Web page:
The researchers studied 4,857 children from the indigenous Indian population in the US, born between 1945 and 1984. All underwent detailed medical examinations, including measurement of body fat (BMI), cholesterol, blood pressure, and blood sugar. The children were then followed up for an average of 24 years of their continuing lives, during which time further parameters were monitored, as were any deaths in the group.
In this group, 559 individuals (11.5%) died before the age of 55, 166 of them from natural causes. The most common natural causes of death were alcohol-related liver disease and cardiovascular disease. Among the four risk factors that were monitored in the study, childhood obesity turned out to be the strongest predictor of premature death from disease. The 1,214 most overweight children in the group (the upper quarter) had a mortality frequency that was more than twice as high (230%) of that of the leanest quarter of those studied.
In a similar manner, high blood sugar was shown to elevate the frequency of death by 73%, and high blood pressure in the childhood years raised the risk by 53%. These two risk factors were almost entirely associated with the degree of obesity. On the other hand, the scientists found no measurable effects on mortality from high cholesterol values in childhood. All children in the group were diabetes free when the study commenced, but nearly 600 of them developed diabetes during the follow-up period. However, this fact could not explain the connection between childhood obesity and premature death.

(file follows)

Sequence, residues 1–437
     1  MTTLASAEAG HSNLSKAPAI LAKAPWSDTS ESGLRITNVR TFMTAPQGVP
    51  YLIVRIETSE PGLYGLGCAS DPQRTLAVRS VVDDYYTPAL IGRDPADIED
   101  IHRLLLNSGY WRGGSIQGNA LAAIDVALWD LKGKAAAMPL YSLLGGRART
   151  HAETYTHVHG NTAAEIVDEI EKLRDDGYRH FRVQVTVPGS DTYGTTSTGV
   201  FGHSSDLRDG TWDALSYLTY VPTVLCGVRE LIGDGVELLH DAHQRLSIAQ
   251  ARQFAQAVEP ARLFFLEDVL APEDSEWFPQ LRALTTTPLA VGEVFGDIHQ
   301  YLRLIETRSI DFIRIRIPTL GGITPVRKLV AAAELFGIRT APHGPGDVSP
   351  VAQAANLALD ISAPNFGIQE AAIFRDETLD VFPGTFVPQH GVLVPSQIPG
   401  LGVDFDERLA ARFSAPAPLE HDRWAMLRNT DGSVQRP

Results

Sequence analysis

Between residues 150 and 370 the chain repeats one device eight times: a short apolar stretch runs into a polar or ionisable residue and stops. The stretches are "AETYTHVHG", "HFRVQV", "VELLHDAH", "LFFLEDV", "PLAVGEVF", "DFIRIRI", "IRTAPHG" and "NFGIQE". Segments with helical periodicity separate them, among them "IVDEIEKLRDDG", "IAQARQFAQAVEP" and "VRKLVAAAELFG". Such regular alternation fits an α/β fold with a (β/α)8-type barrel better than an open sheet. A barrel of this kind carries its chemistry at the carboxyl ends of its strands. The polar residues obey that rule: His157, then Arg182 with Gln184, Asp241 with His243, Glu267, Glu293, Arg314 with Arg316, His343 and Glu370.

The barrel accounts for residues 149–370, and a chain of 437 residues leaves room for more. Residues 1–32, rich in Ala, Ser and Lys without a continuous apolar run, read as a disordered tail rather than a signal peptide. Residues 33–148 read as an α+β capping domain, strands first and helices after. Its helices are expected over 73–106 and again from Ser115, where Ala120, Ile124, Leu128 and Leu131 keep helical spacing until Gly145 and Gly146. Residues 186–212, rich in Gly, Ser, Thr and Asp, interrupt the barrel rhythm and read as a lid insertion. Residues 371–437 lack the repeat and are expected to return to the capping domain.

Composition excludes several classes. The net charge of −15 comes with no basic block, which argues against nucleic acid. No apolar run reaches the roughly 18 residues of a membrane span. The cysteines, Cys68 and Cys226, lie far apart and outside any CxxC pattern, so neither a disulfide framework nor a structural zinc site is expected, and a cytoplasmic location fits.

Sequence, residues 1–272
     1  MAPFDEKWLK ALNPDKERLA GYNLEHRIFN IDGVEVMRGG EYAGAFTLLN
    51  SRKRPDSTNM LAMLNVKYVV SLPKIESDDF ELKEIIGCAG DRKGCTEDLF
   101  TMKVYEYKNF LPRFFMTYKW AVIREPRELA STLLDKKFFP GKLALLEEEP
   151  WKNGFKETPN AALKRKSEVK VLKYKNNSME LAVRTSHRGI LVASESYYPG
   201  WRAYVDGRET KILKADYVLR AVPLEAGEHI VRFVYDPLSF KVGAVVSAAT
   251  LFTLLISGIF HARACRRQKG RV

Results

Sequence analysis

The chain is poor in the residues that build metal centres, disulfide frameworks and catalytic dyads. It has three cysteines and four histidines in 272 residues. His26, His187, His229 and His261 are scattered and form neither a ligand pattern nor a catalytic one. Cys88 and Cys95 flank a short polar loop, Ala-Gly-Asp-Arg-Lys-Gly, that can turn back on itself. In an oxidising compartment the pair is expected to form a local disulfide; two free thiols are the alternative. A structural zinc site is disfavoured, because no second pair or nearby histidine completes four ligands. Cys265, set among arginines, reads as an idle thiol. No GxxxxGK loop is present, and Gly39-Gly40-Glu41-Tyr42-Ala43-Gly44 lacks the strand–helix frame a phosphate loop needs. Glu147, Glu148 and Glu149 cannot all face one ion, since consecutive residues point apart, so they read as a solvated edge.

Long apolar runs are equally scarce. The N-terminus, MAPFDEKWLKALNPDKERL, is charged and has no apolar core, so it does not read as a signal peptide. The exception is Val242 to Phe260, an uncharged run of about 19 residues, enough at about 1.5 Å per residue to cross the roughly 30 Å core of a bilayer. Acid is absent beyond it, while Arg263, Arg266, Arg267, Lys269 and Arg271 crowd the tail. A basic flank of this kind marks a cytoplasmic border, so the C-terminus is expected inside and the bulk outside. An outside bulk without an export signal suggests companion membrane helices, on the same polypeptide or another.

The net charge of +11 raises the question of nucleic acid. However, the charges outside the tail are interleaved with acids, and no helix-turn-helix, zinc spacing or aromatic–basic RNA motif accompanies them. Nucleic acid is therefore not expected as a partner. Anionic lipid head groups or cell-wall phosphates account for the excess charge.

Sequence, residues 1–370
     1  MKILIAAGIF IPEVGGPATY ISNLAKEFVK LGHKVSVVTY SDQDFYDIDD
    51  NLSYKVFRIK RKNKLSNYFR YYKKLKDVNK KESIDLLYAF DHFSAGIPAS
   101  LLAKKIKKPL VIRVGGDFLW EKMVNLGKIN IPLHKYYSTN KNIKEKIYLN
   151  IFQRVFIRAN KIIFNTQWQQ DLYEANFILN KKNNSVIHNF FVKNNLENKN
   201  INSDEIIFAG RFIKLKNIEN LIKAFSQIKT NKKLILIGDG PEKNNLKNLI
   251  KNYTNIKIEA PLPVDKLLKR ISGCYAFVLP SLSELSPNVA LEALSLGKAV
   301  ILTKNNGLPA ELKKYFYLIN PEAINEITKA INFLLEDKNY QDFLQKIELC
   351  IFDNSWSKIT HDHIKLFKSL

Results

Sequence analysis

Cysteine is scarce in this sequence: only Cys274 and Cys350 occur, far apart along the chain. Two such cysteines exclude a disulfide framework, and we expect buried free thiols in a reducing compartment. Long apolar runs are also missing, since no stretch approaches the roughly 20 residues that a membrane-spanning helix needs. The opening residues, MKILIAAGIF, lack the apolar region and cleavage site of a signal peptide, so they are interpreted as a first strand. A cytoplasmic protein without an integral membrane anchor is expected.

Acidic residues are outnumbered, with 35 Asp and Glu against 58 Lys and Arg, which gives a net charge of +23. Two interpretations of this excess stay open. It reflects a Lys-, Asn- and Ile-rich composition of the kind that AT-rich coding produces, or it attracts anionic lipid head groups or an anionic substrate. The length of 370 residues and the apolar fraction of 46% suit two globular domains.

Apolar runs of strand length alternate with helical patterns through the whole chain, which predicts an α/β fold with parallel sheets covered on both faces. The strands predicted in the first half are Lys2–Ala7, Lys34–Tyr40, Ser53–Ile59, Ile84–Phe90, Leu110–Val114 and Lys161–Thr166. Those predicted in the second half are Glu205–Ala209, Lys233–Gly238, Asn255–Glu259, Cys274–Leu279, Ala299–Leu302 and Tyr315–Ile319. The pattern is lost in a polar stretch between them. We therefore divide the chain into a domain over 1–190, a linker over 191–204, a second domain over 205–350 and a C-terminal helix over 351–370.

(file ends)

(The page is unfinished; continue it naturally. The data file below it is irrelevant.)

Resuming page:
This is the first study of its kind and is especially interesting since the group under study, as children as early as the 1940s, had an equally high level of obesity as many children today. The proportion of overweight children is on the rise all over the world, and the authors conclude that measure to increase physical activity, improve food habits, and keep families together should receive high priority during early childhood.
Paul Franks collaborated in the study with researchers at the National Institutes of Diabetes and Digestive and Kidney Disease (NIDDK) and Mount Sinai School of Medicine, New York, both in the US.For more information, please contact Associate Professor Paul Franks (English speaker), Department of Public Health and Clinical Medicine,
New England Journal of Medicine February 11th, 2010.
Hans Fällman | idw
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